Westridge Responds to Monterey Park Shooting


Ella B. '25

Upper School students sit together in the Hoffman Gymnasium to discuss the recent Monterey Park Shooting.

On Saturday, January 21, at around 10 p.m., 72-year-old gunman Huu Can Tran shot and killed 11 people and injured several others at a Lunar New Year celebration at Star Ballroom Dance Studio in Monterey Park, a city less than 10 miles away from Pasadena. Tran originally fled the scene, but authorities later found him in Torrance, dead from a self-inflicted gun wound. Local and state authorities continue to investigate the motive. 

The mass shooting in Monterey Park, a city with more than half of its residents identifying as Asian, gained particular attention as it occurred during Lunar New Year eve, an important holiday celebrated by many Asian groups.

Head of School Ms. Andrea Kassar promptly sent out an email to parents (which was later forwarded to students on Monday, January 23) regarding the attack. She acknowledged Monterey Park as a place that many members of the Westridge community have connections to.

She continued her email by raising the Associated Student Body theme of the year: “Embrace.” Ms. Kassar encouraged the Westridge community to embrace each other. She wrote, “Let us all reach out and embrace those in our community who are in pain following this horrific tragedy.” 

Divisional directors Mr. Gary Baldwin, Director of Upper School, and Dr. Zanita Kelly, Director of Lower and Middle School, also sent their support to students. They wrote in a joint email, “We wanted to reach out to you to let you know we are thinking of you this weekend after learning about the mass shooting in Monterey Park.”

Ms. Kassar, Mr. Baldwin, and Dr. Kelly encouraged students to reach out to school counselors if they need additional support.

Only two days after the Monterey Park shooting, on January 23, a small town in Northern California, Half Moon Bay, also experienced a mass shooting. Students came to school that week ready to talk about the recent California mass shootings. 

On Wednesday, January 25, Ms. Bonnie Martinez, Westridge Dean of Student Support, along with Student Life hosted a town meeting to discuss gun violence and gun control. Student Life Head Ellie L. ’23 began the meeting and said, “We as future leaders can make sure these individuals are some of the last victims in our countries and epidemic of violence. As our generation begins to take positions of power both politically and socially, it is imperative that we as young people discuss how we can promote the world both in and outside of Westridge.”

Several Westridge students have direct ties to the Monterey Park shooting. Sisters Manon I. ’26 and Kanon I. ’26 knew victims of the attack and spoke with passion at the town meeting about restricting gun rights.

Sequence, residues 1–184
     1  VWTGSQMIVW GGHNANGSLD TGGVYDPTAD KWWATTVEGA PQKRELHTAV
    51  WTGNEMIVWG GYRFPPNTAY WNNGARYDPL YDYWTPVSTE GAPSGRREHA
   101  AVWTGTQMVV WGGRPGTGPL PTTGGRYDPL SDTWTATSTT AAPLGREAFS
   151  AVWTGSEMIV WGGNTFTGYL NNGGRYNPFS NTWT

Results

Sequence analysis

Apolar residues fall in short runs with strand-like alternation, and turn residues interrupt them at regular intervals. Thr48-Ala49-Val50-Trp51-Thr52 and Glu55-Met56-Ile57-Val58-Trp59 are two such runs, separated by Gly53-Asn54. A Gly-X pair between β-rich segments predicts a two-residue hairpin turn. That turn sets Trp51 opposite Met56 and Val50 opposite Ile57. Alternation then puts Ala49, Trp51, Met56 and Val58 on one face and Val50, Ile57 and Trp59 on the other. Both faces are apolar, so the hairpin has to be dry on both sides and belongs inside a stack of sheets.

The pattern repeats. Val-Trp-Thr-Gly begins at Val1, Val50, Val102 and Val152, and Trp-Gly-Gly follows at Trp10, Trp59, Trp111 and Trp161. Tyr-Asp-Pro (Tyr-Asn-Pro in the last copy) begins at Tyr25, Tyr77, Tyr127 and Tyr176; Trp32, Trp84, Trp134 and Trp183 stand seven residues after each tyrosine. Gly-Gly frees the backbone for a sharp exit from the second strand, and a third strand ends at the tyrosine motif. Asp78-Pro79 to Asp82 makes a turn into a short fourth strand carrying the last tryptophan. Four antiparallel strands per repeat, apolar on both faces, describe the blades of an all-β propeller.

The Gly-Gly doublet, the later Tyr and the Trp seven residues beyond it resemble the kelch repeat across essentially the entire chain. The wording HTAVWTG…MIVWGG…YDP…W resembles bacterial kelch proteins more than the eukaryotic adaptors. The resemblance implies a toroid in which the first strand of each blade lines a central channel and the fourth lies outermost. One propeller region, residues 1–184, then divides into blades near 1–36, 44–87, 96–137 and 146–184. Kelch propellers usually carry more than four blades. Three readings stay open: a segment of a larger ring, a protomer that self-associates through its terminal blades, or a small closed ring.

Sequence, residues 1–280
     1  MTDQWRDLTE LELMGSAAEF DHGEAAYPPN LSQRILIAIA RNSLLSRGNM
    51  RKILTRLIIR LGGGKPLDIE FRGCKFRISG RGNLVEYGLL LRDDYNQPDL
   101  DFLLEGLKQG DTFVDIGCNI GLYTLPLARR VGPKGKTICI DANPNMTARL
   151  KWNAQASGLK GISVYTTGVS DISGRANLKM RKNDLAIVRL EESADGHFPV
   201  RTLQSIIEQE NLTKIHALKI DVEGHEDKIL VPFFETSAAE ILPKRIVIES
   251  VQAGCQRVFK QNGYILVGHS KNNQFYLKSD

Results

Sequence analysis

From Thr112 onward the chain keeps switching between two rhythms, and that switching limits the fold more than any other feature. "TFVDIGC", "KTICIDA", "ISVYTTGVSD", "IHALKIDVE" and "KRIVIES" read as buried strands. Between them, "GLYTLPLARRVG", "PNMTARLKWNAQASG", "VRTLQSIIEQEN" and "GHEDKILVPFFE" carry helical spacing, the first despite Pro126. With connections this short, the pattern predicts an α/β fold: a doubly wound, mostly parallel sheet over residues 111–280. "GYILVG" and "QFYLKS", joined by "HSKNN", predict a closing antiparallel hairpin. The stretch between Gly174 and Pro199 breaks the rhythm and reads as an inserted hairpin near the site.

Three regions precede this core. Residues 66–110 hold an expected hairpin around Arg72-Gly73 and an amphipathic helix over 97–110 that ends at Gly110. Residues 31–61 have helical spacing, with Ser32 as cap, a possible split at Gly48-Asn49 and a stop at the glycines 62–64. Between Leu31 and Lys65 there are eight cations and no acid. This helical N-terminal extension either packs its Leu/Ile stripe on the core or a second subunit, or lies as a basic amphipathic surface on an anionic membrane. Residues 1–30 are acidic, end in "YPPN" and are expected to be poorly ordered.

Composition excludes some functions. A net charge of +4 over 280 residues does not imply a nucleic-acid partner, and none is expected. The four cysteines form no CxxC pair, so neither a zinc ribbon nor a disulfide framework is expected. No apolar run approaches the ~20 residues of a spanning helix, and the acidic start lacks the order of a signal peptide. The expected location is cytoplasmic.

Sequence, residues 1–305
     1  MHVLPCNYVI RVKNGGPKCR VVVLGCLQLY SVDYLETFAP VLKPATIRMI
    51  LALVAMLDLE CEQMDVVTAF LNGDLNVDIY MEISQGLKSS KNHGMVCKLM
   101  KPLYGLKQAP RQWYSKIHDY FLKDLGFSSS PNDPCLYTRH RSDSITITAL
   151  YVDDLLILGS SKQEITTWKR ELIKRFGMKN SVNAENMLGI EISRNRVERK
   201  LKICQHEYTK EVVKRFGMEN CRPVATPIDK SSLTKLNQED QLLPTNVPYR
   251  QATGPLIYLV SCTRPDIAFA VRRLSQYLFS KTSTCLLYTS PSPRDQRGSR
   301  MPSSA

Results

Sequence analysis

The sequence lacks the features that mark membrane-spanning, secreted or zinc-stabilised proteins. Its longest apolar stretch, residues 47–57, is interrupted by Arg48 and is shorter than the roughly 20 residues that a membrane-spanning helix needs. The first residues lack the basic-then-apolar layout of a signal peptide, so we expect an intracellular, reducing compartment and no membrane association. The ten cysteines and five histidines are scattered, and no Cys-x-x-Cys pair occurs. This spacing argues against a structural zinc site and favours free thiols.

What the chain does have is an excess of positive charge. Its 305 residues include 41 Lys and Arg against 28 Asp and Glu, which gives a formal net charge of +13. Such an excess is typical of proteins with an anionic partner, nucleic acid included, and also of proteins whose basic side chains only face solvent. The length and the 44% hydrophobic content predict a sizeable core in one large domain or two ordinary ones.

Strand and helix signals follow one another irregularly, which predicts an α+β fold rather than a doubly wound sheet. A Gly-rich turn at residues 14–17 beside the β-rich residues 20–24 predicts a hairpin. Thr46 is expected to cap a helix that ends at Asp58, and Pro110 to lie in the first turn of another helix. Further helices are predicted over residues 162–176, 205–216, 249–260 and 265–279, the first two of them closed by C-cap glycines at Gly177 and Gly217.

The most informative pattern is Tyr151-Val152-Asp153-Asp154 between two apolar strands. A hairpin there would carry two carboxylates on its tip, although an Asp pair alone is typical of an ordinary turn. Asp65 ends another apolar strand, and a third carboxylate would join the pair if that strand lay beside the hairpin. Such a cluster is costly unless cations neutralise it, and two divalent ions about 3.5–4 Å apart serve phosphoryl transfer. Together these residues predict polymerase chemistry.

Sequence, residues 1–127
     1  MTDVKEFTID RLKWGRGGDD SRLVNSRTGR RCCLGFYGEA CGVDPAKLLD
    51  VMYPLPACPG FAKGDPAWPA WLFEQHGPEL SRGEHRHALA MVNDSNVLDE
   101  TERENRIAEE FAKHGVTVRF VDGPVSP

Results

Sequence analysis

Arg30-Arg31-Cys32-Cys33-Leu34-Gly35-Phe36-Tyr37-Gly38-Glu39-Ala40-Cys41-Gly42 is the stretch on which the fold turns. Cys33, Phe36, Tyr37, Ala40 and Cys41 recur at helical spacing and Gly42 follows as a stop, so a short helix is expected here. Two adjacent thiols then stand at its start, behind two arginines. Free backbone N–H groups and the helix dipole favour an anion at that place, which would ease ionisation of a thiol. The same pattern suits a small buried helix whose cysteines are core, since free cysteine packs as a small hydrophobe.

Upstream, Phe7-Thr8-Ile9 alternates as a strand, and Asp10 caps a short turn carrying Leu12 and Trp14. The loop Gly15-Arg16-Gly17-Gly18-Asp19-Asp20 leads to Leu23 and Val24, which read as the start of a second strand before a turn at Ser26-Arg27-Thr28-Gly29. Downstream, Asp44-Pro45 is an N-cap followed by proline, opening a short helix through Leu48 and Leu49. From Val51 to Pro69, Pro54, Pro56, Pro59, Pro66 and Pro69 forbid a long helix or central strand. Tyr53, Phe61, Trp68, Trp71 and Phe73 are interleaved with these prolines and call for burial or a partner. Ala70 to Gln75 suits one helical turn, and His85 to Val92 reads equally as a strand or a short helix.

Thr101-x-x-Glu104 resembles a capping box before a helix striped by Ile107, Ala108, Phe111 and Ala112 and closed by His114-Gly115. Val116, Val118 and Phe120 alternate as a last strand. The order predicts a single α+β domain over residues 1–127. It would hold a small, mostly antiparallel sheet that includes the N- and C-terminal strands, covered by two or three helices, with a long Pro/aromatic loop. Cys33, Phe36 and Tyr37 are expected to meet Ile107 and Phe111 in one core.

Manon I. ’26 shared that her and her sister dance frequently at the ballroom dance studios that were targeted in the attack. She said that she knew the majority of the victims. Additionally, Manon shared that she knew the man who disarmed the shooter, Brandon Tsay. She spoke about his bravery. “He could have been killed. But he was so brave.” Manon concluded her time at the mic by speaking about the dangers of guns. “It just really hurts me to know that our country has these guns. We don’t really notice how dangerous it could be to everyone. How many lives could just be easily taken by one shot,” she said.

Many other students went up to the mic at the town meeting to advocate for better gun restrictions, often criticizing the 2nd amendment, an amendment which was ratified in 1791. 

Kanon I. ’26 echoed cries for greater restrictions when owning guns. She began by saying that with the prominence of guns in American society, everyone’s security is breached and no one can walk safely. “To be honest, I actually don’t deem the Second Amendment a human right. And I think it is especially imperative right now that America should just once and for all get rid of guns. It is insane that we still have guns and that people who I know have guns,” Kanon said. 

Frances L. ’23 and a couple other students argued at the meeting that the Second Amendment loses its validity because it was drafted over 200 years ago and technology was different. “It’s important to remember that in the 1700s, they did not have semi-automatic and automatic rifles. You see automatic weapons used in the military a lot. I do not think it’s appropriate to have military grade rifles in civilian hands. That is not necessary. And if you’re, if your defense or claim for owning a gun is self-defense, you do not need an AR 15. Automatic weapons are not used for defense or for hunting, they are used for killing. That’s a very large difference,” Frances said.

Throughout the entirety of the town meeting discussion, students all shared one thing: their cries for change. “I think that talking about [gun violence] is one thing and is so important to talk and spread awareness. But, it’s also so important to go out there and make active change. Go to protests, send letters to Congress, donate, volunteer, do whatever you can to go and change, please, please, because we as a group can make so much change if we go out there and do it,” Eliza L. ’25 said.


For further reading about the Monterey Park shooting, Spyglass recommends: 

The Monterey Park I Remember

Monterey Park shooting: Remembering the victims